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Restaurateur to make movies – beginning in oxford

September 3, 2009


So long ago

Was it in a dream, was it just a dream?

I know, yes I know

Seemed so very real, it seemed so real to me

–John Lennon, # 9 Dream

For Jim, it began with a dream. After 10 years of running a successful restaurant, Jim Bulian woke up with an idea for a screenplay. He wanted to make films. He didn’t know how, but he was determined to figure it out.

In the fall of 2006, he began researching, studying, signing up for workshops, in order to learn the new field. For Bulian, the transition from restaurateur to filmmaker has been a lot of work, but easily connected to his experiences.

While enjoying lunch at his restaurant Old Venice Pizza Company, Bulian points out that running a restaurant consists of picking a name, location, manager, staff, etc. where creating a film selects of picking a title, script, location, director, cast, etc. The similarities of the two businesses are quite interesting, but at the end of a film, you get to start a new one, where with a restaurant, it becomes the same routine day in and day out.

In first grade, Jim moved to Oxford from St. Louis with his parents and brother. His family began Dino’s restaurant and literally lived in the restaurant for a time. His parents invested all of their money into the new business but it taught Bulian the importance of hard work and of creativity.

He and his brother spent many a night imagining their booth where they slept was a cave or a fort.

In his 20s Jim was unsure of what he wanted to do so he decided to become a musician. But no matter how hard he worked for it, it wasn’t meant to be. So, he moved to Dallas, became a personal trainer, and quickly decided that wasn’t for him.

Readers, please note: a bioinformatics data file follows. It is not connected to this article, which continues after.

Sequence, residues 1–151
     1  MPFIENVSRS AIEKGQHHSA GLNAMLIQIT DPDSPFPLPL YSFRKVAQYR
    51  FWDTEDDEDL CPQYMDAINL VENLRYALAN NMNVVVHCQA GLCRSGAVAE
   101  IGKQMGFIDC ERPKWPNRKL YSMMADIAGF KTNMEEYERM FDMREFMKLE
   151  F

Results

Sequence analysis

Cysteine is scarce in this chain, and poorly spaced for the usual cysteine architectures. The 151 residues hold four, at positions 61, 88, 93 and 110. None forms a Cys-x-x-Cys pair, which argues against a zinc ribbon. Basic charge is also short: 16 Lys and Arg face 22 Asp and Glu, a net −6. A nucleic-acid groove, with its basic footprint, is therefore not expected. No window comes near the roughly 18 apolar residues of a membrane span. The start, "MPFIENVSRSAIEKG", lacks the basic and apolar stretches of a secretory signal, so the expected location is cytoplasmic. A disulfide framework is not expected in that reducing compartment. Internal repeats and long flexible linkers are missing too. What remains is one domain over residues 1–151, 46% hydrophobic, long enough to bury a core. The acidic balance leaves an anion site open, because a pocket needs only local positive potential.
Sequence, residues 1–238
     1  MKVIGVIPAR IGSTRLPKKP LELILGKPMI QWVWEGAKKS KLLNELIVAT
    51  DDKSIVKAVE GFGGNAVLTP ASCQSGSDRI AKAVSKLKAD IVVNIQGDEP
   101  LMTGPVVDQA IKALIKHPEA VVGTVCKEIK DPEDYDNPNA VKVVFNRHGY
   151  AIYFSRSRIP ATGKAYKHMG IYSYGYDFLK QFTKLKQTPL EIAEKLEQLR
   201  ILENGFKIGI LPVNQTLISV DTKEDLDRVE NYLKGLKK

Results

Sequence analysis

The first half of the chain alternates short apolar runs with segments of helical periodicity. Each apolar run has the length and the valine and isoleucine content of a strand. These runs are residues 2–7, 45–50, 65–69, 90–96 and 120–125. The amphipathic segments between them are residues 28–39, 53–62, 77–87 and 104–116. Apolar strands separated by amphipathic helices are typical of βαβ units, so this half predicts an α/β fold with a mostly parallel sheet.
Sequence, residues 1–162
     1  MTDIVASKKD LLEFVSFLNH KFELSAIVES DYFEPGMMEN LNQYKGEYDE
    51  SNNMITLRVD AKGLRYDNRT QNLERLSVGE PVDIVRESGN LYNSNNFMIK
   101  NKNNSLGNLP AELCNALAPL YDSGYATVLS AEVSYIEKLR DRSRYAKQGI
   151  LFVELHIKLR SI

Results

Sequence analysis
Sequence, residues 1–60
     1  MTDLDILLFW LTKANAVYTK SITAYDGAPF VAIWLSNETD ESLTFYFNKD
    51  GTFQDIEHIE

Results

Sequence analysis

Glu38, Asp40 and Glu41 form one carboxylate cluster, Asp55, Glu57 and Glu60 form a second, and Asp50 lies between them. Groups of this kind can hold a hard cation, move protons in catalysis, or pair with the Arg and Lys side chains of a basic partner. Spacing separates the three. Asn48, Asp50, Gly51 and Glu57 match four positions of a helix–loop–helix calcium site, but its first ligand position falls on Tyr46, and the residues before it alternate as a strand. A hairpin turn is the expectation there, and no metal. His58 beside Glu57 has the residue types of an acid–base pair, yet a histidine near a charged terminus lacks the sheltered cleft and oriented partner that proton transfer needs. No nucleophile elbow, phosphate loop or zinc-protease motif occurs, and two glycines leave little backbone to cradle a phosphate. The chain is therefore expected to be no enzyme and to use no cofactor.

Returning to Oxford, he decided to fall in the family footsteps, opening Old Venice in 1997, now a chain of restaurants spreading across the region. But something still didn’t feel right.

Bulian decided to focus on the restaurant for 10 years but then reevaluate.

Almost 10 years to the date, the dream occurred and he knew, he wanted to make movies. Bulian officially incorporated his film production company in fall 2008 but has recently seen some success with his script “John’s Song.”

A political thriller that centers around a long-lost John Lennon song, “Johns Song” has a few investors from Memphis, Houston and New Orleans but is only about a quarter-funded or about $350,000. Once Bulian receives about half the funding needed (a little over $1 million), he hopes to begin principal photography in Oxford.

He also recently got producer Glen Zollard on board and is working on the fundraising and then pre-sales. With a $2 million dollar budget, “John’s Song” will be the first film Bulian gets to the screen, but it will only be the beginning.

“There is a lot banking on this one. It will help get my name on the map and then I can look at making some smaller features. If that happens the rest of my life will be a bowl of cherries,” Bulian said.

With 11 scripts ready to go, Bulian already has plans for his next two films that he will film by using the rebate money from the state that he gets for making “John’s Song” in Mississippi.

As a Mississippi resident, Bulian can obtain a 25 percent rebate of the base investment including wages paid to cast and crew. Non-residents get a 20 percent rebate. Projects have a $20,000 minimum investment per project and a cap of $8 million per project or $20 million per year for numerous projects. Along with the rebate, numerous items are exempt from state tax including film and material for wardrobe or sets and camera equipment receives a discount on sales tax.

But the process has been slow going.

Bulian thought when he had the idea in November of 2006 that he would just begin shooting right away, but he quickly learned that pre-production has quite a few more steps to it including screenplay rewrites, an executive summary, fundraising.

“You have to be patient,” Bulian said.

Bulian has kept his creative side going since his early days as a musician with his paintings that used to fill Old Venice. But it was not until filmmaking that he was able to blend his creative and business side into one.

“I felt I was equipped to handle the business aspect of filmmaking because of my restaurant experience,” Bulian said. “This is what I have been searching for my whole life.”

If interested in finding out more about Bulian’s film production company, visit the Web site at

2 Comments leave one →
  1. Glenn Zoller permalink
    September 9, 2009 12:28 pm

    I wouldn’t take a byline on this article either especially if I was too lazy to first spell check or get people’s name correct.

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